Grief. Womens sexuality. Aging. Self-actualization. If you have any doubt that these are hot-button issues in todays culture, browse the womens studies and/or psychology sections of any bookstore. Pay attention to whats on the docket of so many afternoon television talk shows. Read the life section of the newspaper or of any magazine that covers contemporary society and culture, from Psychology Today to AARP The Magazine. Or, best of all, talk frankly with any widow whos as honestand as entertainingas Phyllis Gebauer, author of Hot Widow.
Phyllis began her widowhood, as she puts it, hot off the press, cast into adventures of the mind, body, and spirit for which shed had no previous training. She had to live with the painful memories of her husbands final days while bombarded by obligations and challenges. She found herself hot and bothered, flummoxed by her feelings, delving into therapy to understand her weaknesses and appreciate her strengths. One thing she found out: to men she was hot stuff. How to live with that when she had so little past experience? Perhaps she had to learn to enjoy her solitude. Perhaps, but by this time she was hot and heavy with a grief that wouldnt leave and a depression that threatened her sanity and her life. Still, she weathered the storm and has now recovered her spirit to the point that she can sayin spite of or because of all shes been throughthat she is up for life and hot to trot.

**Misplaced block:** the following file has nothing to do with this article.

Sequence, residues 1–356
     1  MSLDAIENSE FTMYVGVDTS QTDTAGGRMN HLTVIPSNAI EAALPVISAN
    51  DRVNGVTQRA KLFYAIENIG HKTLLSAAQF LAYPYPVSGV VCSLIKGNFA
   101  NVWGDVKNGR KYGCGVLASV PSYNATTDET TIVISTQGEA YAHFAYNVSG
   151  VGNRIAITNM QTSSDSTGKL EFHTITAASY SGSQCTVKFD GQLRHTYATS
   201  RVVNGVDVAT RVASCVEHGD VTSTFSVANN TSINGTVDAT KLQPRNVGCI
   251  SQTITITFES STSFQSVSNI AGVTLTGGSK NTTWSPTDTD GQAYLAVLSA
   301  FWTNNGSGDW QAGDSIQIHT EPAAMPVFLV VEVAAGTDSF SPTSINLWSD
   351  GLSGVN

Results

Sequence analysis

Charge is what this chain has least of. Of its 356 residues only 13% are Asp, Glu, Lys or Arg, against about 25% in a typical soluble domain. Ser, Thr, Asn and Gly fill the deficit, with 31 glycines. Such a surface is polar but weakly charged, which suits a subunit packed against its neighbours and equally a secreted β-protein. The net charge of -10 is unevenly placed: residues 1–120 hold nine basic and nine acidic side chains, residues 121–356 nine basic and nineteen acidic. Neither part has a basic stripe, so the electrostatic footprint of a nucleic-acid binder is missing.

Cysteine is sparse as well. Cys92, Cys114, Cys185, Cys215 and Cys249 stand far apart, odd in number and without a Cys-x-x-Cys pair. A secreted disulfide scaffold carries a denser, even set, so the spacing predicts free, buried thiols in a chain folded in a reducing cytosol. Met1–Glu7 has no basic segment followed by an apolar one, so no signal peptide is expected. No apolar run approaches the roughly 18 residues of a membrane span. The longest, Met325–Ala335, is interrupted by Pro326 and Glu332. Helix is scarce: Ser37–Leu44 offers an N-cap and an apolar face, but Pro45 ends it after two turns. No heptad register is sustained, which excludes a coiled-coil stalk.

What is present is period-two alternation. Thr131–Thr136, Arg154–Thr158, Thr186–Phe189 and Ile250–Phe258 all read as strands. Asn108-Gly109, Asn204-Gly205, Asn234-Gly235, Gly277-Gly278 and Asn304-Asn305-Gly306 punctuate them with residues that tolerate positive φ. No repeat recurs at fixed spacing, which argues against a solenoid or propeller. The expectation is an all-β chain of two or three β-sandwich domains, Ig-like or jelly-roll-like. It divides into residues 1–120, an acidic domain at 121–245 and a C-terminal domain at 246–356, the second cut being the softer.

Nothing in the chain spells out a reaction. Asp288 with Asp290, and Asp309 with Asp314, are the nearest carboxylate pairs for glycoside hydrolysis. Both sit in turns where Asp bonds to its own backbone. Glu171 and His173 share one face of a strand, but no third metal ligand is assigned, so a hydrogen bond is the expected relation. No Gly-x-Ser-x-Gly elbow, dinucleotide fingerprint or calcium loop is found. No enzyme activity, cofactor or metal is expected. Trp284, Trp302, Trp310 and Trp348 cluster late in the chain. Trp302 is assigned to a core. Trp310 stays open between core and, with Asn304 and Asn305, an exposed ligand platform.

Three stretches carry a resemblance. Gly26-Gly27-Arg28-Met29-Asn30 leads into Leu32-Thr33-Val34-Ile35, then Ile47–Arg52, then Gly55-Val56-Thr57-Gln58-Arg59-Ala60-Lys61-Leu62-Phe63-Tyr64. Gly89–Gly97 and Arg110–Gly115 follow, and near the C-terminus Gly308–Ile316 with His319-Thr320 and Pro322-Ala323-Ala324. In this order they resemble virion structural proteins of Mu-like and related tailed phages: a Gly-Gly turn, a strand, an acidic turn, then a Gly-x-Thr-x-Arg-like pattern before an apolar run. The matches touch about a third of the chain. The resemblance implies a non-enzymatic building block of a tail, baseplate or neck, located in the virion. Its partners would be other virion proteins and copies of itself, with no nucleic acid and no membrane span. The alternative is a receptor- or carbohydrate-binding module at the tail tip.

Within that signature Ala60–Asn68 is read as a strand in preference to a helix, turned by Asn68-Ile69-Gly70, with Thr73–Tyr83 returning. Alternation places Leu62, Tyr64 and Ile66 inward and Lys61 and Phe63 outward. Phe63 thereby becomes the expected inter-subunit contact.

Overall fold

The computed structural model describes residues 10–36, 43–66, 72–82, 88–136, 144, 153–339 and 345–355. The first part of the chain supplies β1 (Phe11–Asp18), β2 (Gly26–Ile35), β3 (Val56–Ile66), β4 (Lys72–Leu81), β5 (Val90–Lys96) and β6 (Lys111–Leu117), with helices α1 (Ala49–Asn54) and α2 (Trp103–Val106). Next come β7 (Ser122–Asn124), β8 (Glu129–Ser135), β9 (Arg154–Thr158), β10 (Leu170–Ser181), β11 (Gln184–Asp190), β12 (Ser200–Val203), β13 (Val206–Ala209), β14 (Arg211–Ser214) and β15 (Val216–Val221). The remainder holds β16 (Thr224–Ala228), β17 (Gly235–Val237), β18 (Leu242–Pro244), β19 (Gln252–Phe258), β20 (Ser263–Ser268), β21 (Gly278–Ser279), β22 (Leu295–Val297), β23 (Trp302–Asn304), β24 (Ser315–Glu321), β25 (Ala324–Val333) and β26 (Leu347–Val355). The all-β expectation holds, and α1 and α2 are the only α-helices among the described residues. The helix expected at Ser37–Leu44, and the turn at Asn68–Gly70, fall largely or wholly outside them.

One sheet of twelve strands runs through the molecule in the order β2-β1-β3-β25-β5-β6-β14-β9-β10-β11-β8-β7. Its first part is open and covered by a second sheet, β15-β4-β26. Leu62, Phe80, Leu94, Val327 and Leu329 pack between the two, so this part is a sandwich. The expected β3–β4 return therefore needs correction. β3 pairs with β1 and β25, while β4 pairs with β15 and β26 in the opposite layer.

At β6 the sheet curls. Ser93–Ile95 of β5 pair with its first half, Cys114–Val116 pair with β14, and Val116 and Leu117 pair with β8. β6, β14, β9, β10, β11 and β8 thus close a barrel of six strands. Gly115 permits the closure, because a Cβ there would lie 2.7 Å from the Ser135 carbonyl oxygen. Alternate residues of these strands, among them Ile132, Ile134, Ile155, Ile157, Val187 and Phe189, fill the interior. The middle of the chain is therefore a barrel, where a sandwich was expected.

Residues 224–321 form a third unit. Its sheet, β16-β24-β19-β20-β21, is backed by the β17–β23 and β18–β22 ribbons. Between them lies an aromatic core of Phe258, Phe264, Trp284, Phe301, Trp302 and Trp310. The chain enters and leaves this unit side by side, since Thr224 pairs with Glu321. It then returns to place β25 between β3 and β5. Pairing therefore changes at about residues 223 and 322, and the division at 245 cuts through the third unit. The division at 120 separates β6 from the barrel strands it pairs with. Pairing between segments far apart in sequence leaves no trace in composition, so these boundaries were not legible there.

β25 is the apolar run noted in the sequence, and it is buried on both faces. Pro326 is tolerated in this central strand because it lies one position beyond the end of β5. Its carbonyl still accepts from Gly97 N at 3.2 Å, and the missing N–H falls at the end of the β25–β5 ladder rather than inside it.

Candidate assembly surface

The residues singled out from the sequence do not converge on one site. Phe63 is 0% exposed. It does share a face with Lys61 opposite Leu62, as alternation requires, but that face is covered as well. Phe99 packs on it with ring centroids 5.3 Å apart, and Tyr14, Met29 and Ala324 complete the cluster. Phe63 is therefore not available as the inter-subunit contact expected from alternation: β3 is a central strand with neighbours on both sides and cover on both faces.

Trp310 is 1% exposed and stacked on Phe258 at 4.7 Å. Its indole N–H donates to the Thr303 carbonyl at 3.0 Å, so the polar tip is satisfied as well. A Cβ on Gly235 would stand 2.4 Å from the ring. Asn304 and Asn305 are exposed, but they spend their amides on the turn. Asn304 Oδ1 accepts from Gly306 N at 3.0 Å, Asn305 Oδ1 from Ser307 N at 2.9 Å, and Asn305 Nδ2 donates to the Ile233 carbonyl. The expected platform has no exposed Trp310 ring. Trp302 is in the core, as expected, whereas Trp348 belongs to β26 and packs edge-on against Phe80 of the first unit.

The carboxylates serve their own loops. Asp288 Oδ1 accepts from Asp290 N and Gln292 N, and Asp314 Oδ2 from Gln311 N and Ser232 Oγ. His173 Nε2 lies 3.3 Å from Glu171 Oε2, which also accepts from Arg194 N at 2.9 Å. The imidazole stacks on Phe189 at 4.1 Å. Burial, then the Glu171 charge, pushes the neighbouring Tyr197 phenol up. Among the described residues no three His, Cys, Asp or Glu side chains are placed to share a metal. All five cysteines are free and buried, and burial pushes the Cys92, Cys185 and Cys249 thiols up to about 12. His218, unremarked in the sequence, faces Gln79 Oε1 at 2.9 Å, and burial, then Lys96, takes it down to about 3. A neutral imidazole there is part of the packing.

Hot Widow is a different kind of coming-of-age story. Its about a woman who married right out of college, who never had children, and who suddenlyafter forty-seven years of being treated like a princess by her adoring husbandfinds herself on her own. The story follows her first two years of widowhood, during which she changes from sheltered (aging) child to grown-up, independent woman. In the course of various sexual, therapeutic, and travel adventures she encounters major highs and crippling lows, but her courage and pluck pull her through, and by the end of the book she has finally become whole without her other half.
Phyllis Gebauer teaches fiction at UCLA Extension and leads workshops throughout Southern California on memoir writing and writing ones way through grief and loss. She is the author of the novel The Pagan Blessing (Viking Press 1979, Fithian Press 2006).